Naturally, to him, it’s all about persecution, “silencing” RFK Jr. and his fellow antivaxers, because, hilariously, he asserts that vaccine advocates can’t win on the science and data. (I’m sorry, I had to stop the video at that point because I was laughing too hard.) Also, because of the recent judgment against a pharmaceutical company for its role in the opiate crisis, obviously vaccines must be unsafe. Now, no one argues that pharmaceutical companies haven’t on occasion done bad things, but he’s comparing apples and oranges. Vaccines are not unsafe. Indeed, RFK Jr. spends an inordinate amount of time discussing the role of a couple of pharmaceutical companies in the opioid addiction crisis and repeatedly claiming that “I’ve seen the documents” from vaccine manufacturers and that they “make the opioid documents look like Sunday school.” My response: OK, where are these documents? What, specifically, did they say? It’s very convenient that he claims to have seen damning documents but basically tells the crowd to take his word for it how bad they are. Hilariously, he invokes the dreaded Verstraeten study gambit, that hoary old conspiracy theory about the conference at Simpsonwood in which the CDC supposedly tried to bury the results of a study that showed that mercury in the thimerosal preservative in vaccines causes autism. It’s nothing more than a variation of the central conspiracy theory of the antivaccine movement, and, hilariously, none of these claimed documents were from pharmaceutical companies. They were from the CDC.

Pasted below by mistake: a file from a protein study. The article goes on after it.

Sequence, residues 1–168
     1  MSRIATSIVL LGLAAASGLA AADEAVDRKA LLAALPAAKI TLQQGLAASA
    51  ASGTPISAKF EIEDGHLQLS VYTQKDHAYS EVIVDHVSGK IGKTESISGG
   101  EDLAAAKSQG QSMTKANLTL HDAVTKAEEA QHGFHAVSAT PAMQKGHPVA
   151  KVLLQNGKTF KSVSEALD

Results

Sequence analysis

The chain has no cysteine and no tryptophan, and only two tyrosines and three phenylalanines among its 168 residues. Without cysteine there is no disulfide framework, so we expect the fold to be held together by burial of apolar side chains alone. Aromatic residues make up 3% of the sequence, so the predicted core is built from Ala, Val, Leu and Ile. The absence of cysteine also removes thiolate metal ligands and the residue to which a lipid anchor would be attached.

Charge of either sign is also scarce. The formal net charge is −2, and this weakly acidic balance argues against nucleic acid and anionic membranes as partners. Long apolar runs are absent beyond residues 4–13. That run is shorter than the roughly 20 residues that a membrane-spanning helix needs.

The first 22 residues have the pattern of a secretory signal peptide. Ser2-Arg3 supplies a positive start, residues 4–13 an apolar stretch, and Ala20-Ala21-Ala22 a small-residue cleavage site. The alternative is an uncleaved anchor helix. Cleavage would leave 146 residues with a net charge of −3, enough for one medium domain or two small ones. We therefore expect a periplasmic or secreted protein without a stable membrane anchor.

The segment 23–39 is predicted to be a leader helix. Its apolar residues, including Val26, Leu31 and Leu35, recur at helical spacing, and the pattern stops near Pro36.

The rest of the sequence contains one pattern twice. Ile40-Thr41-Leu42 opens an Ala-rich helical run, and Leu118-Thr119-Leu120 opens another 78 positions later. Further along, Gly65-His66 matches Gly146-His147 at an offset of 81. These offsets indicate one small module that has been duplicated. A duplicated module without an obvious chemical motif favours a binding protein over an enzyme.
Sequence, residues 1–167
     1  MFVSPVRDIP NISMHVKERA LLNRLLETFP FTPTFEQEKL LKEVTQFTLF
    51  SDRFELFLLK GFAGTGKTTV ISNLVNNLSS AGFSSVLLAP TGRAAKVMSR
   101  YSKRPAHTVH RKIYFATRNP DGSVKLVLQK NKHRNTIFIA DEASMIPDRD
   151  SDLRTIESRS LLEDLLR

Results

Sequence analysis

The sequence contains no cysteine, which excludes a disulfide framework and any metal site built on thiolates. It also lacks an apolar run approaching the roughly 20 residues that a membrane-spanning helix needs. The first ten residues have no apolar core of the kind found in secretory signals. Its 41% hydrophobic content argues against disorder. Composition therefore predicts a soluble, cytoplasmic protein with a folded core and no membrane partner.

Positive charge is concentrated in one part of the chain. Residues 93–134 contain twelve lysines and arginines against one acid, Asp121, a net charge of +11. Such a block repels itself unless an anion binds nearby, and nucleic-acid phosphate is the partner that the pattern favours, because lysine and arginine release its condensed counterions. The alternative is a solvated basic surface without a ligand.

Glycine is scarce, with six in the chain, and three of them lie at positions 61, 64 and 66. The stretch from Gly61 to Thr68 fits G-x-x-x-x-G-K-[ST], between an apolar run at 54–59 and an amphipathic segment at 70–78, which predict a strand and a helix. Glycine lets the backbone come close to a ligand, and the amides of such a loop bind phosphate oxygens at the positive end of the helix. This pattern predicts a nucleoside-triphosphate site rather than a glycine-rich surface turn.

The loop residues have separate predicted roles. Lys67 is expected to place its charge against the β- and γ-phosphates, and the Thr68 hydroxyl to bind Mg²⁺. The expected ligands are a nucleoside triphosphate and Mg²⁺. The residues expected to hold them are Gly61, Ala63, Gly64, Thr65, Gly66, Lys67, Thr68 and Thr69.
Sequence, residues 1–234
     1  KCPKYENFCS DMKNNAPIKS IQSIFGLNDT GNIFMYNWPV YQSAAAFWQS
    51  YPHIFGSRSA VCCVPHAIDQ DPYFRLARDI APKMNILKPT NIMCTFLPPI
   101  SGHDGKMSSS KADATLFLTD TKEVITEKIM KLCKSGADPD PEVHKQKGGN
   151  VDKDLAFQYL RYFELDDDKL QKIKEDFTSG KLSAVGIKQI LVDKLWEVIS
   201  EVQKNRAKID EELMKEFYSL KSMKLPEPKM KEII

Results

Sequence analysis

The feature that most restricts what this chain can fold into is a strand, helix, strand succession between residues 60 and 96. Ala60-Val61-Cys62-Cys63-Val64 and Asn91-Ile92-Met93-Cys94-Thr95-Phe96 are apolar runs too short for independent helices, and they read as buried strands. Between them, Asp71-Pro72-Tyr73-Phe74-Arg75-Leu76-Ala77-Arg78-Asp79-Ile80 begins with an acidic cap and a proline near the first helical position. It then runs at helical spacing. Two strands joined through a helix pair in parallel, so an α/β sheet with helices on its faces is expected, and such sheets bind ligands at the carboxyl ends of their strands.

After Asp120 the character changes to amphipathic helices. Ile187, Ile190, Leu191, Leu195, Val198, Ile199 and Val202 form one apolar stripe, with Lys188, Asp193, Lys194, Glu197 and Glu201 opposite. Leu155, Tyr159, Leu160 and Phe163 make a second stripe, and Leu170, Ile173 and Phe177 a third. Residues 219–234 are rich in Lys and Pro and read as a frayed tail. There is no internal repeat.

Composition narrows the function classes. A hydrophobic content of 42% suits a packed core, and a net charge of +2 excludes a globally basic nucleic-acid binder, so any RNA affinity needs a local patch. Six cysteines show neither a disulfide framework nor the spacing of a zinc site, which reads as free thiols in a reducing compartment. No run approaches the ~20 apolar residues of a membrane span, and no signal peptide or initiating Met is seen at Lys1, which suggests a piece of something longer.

Not surprisingly, he also invoked another variation on the central conspiracy theory of the antivaccine movement, the “CDC whistleblower” conspiracy theory, complete with the “tossing data into the garbage can” flourish. (Anyone who knows about CDC retention policies and how data is retained on computers knows this story is also bullshit. The “CDC whistleblower” himself, William Thompson, has stated, “All the associated MMR-Autism Study computer files have been retained on the Immunization Safety Office computer servers since the inception of the study and they continue to reside there today.”) I’ve been blogging about that one since it developed five years ago, having had the opportunity to watch the evolution of a conspiracy theory in real time. It’s nonsense, too. That “autism signal” depended on the pseudoscientific work of a biochemical engineer turned incompetent epidemiologist named Brian Hooker. It’s the conspiracy theory behind the antivax propaganda movie disguised as a documentary, VAXXED. The whole conspiracy theory is utter nonsense.